There are 3 main types of Assistance Dogs. Public education is limited when it comes to those 3 types. Sometimes, what owners and handlers are looking for is different from what they think. Review the differences below.
1. Therapy Dogs
Therapy dogs are not service dogs. They do not have the same legal protections as service dogs. It is both unethical and illegal to claim that a therapy dog is a service dog. Despite their differences, therapy dogs are still incredible, and they do require training. Therapy dogs volunteer with their human handlers to visit places, offering support to other humans in need of emotional support. Therapy dogs, and their handlers give their time, energy, and emotional support to help others. Popular spots to visit include hospitals, schools, and assisted living facilities. The level of training a therapy dog will require depends on where the therapy dog will volunteer. For example, some hospitals require that visiting therapy dogs pass their own tests. Some facilities require Public Access Tests (PATs) through independent certification organizations like the AKC or IACP, and others have no formal requirements besides a well mannered, obedient dog. CCAA recommends that therapy dog handlers decide where they want to volunteer, then find out what the location requires for training. Then handlers can set your training goals to work towards meeting those requirements.
2. Emotional Support Animals (ESAs)
Emotional Support Animals (ESAs) are not service dogs. They do not have the same legal protections as service dogs. It is both unethical and illegal to claim that an ESA is a service dog. ESAs do have some legal protections that therapy dogs and pet dogs do not receive. Depending on housing, they may be allowed to live in non-pet-friendly homes. Landlords may require proof of need via a Doctor's letter before granting access to the dog. ESAs used to also have access to airplane cabins. Due to the fraudulent actions of some (claiming dogs and other animals as ESAs who were not or who were poorly behaved), these allowances have been removed for most American airlines. ESAs can be critical in helping humans through mental and emotional distress. Their ability to comfort their humans through their companionship is their defining characteristic. While there is no federal registration or training requirements needed for a dog to be considered an ESA, CCAA encourages owners to train their ESAs to a minimum of the AKC Canine Good Citizen test to ensure their dog is a good ambassador.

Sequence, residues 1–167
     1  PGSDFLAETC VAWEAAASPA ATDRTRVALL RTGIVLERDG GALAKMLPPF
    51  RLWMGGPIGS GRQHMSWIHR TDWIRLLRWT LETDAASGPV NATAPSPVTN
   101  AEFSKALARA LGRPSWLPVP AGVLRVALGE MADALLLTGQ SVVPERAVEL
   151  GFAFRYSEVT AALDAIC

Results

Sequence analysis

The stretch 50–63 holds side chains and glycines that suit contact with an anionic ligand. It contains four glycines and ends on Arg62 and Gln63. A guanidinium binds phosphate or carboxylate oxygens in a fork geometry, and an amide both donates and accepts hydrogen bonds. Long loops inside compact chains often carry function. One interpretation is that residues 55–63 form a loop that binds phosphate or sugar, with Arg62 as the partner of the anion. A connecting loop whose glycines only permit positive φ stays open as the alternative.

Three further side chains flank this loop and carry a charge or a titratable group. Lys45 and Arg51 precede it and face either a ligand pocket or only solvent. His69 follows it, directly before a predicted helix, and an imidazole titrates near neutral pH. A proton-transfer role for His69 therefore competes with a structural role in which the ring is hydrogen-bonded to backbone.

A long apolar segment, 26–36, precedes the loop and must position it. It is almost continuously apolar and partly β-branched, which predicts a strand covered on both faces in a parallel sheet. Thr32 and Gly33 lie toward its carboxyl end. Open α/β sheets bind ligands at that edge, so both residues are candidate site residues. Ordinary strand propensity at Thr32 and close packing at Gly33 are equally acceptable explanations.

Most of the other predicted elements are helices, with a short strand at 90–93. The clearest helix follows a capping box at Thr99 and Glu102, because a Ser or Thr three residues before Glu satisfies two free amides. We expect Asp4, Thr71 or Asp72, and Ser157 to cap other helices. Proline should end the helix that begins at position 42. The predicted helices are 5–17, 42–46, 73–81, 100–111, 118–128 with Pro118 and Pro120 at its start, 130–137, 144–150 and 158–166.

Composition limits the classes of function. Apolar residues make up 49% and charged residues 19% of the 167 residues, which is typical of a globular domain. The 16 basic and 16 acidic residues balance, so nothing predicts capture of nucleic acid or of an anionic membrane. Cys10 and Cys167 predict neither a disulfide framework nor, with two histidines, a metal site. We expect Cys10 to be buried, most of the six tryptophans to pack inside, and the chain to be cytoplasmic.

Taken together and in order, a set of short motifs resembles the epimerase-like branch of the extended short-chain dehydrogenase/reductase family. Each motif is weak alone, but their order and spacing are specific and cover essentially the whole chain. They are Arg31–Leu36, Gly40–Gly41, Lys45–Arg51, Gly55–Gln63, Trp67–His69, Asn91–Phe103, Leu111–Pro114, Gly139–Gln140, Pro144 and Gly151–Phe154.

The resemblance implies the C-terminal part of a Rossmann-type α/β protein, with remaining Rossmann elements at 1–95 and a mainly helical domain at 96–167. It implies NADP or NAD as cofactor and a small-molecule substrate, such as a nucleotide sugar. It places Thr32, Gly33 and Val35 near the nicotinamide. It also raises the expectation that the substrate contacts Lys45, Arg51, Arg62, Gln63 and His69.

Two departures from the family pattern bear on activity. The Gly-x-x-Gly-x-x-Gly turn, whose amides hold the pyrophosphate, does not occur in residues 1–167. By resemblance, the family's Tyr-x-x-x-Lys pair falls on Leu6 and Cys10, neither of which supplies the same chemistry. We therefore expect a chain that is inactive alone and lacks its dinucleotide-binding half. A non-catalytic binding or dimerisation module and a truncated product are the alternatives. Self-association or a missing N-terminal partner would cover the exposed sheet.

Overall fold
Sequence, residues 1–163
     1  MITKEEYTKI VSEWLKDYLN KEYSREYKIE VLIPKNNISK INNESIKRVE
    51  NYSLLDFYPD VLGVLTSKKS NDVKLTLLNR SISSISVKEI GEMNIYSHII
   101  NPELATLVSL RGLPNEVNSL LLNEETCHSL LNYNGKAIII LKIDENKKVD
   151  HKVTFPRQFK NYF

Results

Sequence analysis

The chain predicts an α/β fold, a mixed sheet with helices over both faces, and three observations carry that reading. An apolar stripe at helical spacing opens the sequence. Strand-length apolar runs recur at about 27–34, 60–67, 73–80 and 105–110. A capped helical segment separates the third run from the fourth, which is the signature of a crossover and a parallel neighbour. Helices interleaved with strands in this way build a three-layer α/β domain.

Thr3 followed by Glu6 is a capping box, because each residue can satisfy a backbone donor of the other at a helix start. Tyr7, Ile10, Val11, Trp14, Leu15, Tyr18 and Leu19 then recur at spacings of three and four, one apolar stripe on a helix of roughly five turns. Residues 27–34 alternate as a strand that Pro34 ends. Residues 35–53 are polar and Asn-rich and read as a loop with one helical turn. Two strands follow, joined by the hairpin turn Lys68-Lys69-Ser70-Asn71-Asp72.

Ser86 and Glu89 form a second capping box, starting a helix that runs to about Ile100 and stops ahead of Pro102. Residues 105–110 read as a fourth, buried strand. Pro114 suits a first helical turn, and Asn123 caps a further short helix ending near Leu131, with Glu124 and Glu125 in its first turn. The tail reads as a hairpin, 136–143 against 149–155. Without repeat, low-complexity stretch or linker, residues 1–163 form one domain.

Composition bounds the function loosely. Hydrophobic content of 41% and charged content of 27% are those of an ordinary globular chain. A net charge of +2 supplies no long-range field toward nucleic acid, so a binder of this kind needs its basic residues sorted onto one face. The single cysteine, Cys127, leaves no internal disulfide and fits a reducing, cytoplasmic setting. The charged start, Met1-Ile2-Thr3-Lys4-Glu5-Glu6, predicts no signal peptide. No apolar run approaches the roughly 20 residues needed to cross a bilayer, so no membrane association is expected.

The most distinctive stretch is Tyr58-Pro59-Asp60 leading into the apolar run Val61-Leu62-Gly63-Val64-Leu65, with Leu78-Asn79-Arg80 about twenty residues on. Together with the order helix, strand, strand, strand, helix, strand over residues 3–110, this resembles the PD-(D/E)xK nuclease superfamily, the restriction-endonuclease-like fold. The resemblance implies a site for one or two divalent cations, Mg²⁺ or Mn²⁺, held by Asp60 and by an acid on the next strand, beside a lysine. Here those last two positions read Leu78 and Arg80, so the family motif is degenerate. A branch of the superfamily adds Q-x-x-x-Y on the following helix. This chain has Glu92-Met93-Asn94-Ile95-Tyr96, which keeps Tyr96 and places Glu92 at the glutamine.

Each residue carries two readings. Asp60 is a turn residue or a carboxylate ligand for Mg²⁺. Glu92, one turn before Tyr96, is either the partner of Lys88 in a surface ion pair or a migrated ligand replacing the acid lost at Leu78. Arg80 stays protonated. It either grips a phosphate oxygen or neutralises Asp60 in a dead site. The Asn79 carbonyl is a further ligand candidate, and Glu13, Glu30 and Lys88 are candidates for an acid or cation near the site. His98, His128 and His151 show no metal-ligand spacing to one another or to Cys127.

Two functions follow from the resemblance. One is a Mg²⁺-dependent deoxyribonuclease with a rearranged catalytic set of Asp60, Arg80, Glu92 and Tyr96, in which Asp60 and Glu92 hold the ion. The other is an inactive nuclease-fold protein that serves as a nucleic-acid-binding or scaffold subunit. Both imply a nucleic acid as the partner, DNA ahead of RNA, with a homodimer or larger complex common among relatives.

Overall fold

3. Service Dogs
Service dogs perform tasks that alleviate their owner's disabilities. Because of their extensive training and (potentially) life saving tasks, service dogs are protected by the Americans with Disabilities Act (ADA), Fair Housing Act, and Air Carrier Access Act. They have access to any place their human has access to. "No Pets" policies do not apply to service dogs. Service dogs are not pets. They are considered medical equipment by most legislative bodies. The tasks that service dogs are trained to complete must be directly related to the disability of their owner. While not all disabilities are visible, dogs who provide emotional support, or companionship alone, are not considered service dogs. They must provide a service to their human that medication could not provide, and it must alleviate their human's disability. Examples include seeing eye dogs, diabetic alert dogs, seizure alert dogs, assistance with mobility and item retrieval. All service dogs require multiple layers of training, starting with socialization and proprioception as puppies to basic and advanced on and off leash training and juveniles, then task and public access training as an adult.